A slam on the double doors and in rolls the patient, the paramedics pushing and a nurse pumping on his chest as they wheeled him into the bay. He was already intubated and had good IV access, so that was one less concern. I took over the chest compressions. The sensation of ribs cracking beneath your hands and vibrating up into your shoulders is horrible. It sounds like somebody breaking a large wooden branch in the next room. After each crack, the chest becomes easier to compress until eventually it is soft like an old chain link fence.

The defibrillator was attached. A familiar broad complex, irregular waveform tachycardia emerged – ventricular fibrillation. Stand clear, oxygen away, shocking! The man’s entire body tenses up, his arms come up in the air – but then instantly flop back down as the electricity subsides. Continue chest compressions. This cycle continued for about ten minutes with adrenaline injections interspersed. The man’s Grandson arrived and said an emotional goodbye and we stopped resuscitation. I calmly left the room and went back to trying to insert a cannula into a little old ladies forearm.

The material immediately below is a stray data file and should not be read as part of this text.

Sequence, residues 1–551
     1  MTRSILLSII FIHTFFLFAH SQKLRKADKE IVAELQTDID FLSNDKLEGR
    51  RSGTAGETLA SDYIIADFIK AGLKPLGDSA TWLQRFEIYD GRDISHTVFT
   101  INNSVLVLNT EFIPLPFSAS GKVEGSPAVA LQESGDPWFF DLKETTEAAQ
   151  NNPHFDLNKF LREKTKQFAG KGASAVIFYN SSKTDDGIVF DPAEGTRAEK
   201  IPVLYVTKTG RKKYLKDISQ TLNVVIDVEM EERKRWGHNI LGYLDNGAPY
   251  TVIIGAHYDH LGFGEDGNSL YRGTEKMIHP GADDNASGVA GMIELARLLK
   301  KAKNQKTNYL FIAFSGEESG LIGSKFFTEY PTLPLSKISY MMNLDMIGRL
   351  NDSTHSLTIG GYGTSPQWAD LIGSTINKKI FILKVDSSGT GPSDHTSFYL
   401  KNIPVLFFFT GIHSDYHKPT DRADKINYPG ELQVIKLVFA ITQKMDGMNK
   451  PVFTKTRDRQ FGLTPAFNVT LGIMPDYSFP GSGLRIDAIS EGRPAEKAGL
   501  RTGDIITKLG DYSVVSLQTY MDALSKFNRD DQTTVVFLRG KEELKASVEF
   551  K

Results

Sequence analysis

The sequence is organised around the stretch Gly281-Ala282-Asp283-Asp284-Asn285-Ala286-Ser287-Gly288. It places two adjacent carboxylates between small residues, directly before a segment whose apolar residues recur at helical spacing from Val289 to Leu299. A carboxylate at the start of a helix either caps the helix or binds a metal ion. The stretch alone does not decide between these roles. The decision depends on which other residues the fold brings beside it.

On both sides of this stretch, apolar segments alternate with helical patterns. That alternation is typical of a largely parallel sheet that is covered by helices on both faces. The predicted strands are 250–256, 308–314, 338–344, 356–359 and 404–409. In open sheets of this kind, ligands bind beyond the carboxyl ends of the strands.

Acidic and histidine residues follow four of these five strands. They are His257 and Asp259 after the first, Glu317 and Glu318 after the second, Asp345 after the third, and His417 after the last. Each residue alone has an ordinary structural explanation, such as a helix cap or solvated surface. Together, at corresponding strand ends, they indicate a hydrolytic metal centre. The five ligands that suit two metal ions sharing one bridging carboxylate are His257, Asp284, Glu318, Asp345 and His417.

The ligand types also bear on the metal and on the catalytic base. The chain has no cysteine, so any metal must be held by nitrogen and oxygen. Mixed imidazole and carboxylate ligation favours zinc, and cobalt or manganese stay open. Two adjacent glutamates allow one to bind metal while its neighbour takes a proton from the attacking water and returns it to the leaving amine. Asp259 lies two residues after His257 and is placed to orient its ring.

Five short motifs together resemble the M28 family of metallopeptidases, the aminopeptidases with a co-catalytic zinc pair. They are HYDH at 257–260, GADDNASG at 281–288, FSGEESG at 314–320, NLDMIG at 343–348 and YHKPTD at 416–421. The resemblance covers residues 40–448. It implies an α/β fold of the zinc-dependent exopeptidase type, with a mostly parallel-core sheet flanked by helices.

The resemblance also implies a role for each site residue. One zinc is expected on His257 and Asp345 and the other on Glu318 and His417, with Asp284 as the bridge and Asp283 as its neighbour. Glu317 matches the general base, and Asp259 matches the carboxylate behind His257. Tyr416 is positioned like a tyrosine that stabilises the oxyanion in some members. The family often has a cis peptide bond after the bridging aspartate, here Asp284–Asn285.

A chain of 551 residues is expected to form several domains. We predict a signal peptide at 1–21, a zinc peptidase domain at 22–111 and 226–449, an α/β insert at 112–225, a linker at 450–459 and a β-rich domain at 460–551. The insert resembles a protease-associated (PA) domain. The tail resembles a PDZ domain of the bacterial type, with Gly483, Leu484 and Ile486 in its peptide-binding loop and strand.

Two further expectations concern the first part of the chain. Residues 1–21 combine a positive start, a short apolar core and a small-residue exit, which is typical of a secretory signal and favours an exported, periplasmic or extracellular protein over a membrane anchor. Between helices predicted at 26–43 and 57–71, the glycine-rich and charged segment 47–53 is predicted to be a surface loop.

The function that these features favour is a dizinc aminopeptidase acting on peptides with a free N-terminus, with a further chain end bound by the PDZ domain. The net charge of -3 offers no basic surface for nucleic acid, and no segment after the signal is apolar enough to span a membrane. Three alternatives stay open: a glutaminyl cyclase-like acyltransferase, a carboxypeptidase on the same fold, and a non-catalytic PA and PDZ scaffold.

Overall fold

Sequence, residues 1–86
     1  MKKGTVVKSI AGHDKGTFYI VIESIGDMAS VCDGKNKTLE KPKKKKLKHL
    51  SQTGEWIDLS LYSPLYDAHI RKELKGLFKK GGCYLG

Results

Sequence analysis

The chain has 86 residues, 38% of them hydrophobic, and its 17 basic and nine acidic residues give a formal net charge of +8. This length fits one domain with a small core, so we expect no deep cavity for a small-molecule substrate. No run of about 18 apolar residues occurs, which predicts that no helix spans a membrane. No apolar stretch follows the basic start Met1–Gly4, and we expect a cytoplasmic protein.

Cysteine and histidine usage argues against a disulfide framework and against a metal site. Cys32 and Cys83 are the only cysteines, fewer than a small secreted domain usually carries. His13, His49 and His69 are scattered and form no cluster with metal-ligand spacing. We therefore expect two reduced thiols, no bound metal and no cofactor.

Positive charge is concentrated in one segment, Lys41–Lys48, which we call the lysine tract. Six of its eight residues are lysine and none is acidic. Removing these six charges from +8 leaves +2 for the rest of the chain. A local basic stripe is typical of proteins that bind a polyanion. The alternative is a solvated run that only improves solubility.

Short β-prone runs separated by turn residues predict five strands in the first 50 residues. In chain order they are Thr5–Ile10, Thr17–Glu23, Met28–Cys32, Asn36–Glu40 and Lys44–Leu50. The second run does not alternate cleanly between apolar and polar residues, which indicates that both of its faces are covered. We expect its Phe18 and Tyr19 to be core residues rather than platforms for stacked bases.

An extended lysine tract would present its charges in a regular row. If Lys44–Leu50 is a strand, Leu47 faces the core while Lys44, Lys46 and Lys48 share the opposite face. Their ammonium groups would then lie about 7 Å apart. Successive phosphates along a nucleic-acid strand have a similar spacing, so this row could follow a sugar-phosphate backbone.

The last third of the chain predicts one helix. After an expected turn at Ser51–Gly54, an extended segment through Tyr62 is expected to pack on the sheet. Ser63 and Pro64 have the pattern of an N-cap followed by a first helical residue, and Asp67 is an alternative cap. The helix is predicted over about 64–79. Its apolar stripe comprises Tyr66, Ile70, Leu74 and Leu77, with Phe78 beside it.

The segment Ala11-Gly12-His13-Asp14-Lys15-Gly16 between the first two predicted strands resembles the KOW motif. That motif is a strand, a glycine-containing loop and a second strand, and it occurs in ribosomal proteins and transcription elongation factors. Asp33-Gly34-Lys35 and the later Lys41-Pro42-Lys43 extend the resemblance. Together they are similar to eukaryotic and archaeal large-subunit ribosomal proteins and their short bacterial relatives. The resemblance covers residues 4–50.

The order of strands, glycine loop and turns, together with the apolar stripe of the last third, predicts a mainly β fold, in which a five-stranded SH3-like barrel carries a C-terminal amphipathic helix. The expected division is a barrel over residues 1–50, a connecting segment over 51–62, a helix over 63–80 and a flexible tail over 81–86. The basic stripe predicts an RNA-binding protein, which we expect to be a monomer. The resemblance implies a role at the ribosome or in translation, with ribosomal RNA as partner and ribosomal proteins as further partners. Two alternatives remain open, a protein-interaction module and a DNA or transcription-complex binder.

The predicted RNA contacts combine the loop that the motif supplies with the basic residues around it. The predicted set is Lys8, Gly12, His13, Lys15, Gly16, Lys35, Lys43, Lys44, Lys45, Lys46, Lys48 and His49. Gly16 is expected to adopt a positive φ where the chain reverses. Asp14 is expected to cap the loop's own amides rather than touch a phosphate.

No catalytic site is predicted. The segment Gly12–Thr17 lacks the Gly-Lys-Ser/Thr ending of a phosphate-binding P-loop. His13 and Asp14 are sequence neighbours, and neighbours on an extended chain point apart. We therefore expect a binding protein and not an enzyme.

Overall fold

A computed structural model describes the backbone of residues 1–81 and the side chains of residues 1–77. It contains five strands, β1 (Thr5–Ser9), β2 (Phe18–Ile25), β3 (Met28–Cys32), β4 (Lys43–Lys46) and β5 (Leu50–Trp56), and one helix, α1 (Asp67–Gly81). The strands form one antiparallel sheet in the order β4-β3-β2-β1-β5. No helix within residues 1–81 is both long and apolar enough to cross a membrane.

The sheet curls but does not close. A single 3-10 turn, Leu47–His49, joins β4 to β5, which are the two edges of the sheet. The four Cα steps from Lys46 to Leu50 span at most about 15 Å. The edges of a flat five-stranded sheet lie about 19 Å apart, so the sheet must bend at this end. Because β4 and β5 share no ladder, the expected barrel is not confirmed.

I was remarkably unbothered by what had just happened. I was suddenly dubious of what they say about your first arrest and how it always sticks in your mind. That was until my second arrest, several days later.

The man had walked into the department. He was a hospital porter and felt unwell and so had wandered down to A&E. He was in his mid-fourties. He looked awful and was complaining of a several day history of headache, breathlessness and general malaise. It was quickly decided that this guy was far too sick to just be sat in majors, and he was transferred to resus.